The last couple of weeks I've been very busy with my mom and dad's place. Packing things, deciding what gets donated, what we want to keep and getting my son all moved in. It's hard packing up a life, and deciding what goes and stays, and Dad never could do it with mom's things so it's a lot of stuff to go through. It has it's good moments. Finding old photos, or things I remember from childhood, but there is still a whole lot to go through. My daughter, who never really knew her grandmother (mom died when she was 2) but has heard all her life how much she looks like her has found that she and her grandma have a lot of the same taste in clothes. She was absolutely thrilled by a long red wool coat and finding her grandma's hats. William has been seeing photos he never knew about that have him with his grandpa. We are getting it done, but that's why I haven't been updating. I did finish the Color By Numbers Mandala coloring book too in the last month.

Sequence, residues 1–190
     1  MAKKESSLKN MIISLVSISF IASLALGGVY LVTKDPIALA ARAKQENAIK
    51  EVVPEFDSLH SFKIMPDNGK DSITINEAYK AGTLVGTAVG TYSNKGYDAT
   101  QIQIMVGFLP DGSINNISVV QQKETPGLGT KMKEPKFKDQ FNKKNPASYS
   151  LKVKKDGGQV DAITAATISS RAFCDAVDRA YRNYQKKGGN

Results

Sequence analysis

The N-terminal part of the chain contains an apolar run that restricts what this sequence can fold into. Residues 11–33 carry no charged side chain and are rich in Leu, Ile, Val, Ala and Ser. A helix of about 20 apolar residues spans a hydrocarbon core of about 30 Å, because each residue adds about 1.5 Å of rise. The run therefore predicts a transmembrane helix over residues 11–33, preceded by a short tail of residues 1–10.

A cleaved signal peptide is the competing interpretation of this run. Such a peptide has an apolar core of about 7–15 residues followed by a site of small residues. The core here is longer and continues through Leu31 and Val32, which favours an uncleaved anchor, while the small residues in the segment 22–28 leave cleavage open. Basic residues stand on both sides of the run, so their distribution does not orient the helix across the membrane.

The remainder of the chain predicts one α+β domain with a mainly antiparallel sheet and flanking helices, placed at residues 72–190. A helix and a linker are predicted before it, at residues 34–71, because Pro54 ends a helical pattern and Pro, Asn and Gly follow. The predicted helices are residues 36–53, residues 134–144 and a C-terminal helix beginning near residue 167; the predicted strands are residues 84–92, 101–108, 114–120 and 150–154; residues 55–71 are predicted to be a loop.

Monday, January 19, 2015

Heart lock and key printable gift box

Love is the key to the solutions of the problems of the world. MLK

I hope you enjoy this heart themed box to print and make. Click on the image for a larger version, print on card stock, cut out, score folds, fold, glue.

So how are we doing? Still hurting. Christmas, William's birthday, Dad's birthday without Dad... it's hard. There is still so much to do at his apartment, and I was working on finishing up a coloring book. Staying busy. We laugh though, laugh at memories, laugh at life. We are treating each other gently, and saying "I love you" an awful lot.